How to Find the Issue: You can see where hardware conflicts occur by accessing the Device Manager. In Windows 7, you can click the “Start” menu, type “Device Manager,” and press “Enter.” In Windows 8, access the Start screen and just start typing the name followed by the “Enter” key. Conflicting devices are often shown with an exclamation point next to them. To find out the cause of the problem, simply right-click the device and click “Properties.”

The Solution: You must uninstall the driver for that specific piece of hardware and then install the proper one. This will take some searching unless you still have its instruction manual. This often happens to video cards and hard drive controllers, although sound cards and virtually anything else are prone to such issue. Once you install the correct drivers for your hardware, restart the computer.

wincrash-hdd

Corrupt clusters within your hard drive might cause your computer to crash (either Blue Screen of Death, or the PC restarts), especially when trying to access a file. If you feel you have this problem, you can confirm it by performing a maintenance check on your hard drive. You should do this at least once a month.

The Solution: If you would like to scan your hard drive for problems and fix them along the way, read the question asking “What’s the best way of finding out my hard drive’s health for free?”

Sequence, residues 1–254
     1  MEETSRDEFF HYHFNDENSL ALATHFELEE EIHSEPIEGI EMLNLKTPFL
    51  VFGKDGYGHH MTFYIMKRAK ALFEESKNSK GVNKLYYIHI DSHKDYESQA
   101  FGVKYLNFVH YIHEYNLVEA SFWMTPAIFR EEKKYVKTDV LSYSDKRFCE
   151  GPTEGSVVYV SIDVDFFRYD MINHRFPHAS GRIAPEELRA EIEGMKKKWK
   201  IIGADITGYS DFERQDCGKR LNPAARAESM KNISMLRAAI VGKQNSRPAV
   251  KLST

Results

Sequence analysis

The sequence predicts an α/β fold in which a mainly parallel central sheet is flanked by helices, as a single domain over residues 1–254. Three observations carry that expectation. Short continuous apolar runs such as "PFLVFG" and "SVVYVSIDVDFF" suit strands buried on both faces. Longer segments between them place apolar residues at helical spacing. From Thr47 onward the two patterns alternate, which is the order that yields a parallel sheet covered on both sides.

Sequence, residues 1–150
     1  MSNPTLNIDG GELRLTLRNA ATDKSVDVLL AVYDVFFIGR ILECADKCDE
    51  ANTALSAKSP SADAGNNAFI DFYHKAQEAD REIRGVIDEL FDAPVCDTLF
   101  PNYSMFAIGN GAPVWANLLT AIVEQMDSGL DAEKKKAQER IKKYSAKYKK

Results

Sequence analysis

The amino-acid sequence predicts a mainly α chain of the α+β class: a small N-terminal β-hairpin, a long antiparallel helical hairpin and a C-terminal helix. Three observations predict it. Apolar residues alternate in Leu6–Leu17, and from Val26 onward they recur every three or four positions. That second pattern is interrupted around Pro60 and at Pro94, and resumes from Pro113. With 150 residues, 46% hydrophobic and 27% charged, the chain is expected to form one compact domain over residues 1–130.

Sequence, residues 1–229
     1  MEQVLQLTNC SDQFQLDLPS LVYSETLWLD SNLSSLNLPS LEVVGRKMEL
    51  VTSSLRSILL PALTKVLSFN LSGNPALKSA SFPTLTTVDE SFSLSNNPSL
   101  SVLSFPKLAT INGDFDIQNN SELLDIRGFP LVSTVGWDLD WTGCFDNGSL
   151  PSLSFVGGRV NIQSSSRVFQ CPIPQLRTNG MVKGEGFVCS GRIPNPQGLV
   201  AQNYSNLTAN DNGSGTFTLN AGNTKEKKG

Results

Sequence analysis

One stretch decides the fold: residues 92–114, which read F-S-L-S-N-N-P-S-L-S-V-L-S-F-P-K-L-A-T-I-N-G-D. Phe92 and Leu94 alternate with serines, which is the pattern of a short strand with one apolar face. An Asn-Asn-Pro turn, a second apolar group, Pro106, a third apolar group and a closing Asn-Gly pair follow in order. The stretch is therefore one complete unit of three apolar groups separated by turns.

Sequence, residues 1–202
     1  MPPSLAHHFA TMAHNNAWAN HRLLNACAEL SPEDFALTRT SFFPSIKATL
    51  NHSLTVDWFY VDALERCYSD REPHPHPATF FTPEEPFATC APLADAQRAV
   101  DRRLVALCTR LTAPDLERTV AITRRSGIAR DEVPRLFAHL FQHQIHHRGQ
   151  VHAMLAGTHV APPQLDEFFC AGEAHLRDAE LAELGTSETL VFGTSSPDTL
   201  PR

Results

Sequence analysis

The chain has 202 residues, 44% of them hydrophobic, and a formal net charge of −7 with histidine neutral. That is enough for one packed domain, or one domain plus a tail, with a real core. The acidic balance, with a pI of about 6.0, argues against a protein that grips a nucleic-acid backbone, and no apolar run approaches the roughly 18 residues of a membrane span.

It might seem like a trivial issue, but PCs can suffer from airflow problems that prevent them from cooling down effectively. You can almost identify this immediately when the CPU’s or graphics card’s fans start to whirl loudly.

Causes for this could be a dirty, or spoilt fan, the heat is not directed to the case opening, or that the heat sink is not dissipating the heat effectively. In case you are wondering, here’s what a heat sink looks like:

wincrash-heatsink

The Solution: Check the fans. If they’re dusty, clean them. If they’re making noise, replace them. Also, check the direction in which the air is flowing (by checking the direction of the fan rotation). A computer’s airflow ideally should match this diagram:

wincrash-airflow

Viruses are nasty things that usually make a part of the computer – or the entire system – exaggeratedly slow. Some of them also intentionally or unintentionally crash your computer. After analyzing a lot of the code inside of a virus, it’s more often the latter than the former because the programmers who wrote the virus didn’t really have your computer’s longevity in mind.

The Solution: To quickly determine what’s wrong, get your hands on Microsoft Security Essentials or AVG’s free antivirus. It’s worth a try. They’ll eliminate the threat and hopefully restore your computer to working order.

When software uses the hardware-software bridge to communicate with your hardware, it might just be speaking a bunch of gibberish that causes Windows to crash. This happens especially with software that’s newer than the operating system you’re using, but some old software does this as well.

The Solution: Try using an older version of the software. If that doesn’t work, then you’ll probably have to renounce using the software entirely and try alternatives. If you use MS Office 2010 and it keeps crashing your computer, you might want to switch over to the 2007 version, for example. This works more often than you may think!

If you know of another problem that’s easily solved when troubleshooting a PC, let us know by commenting below!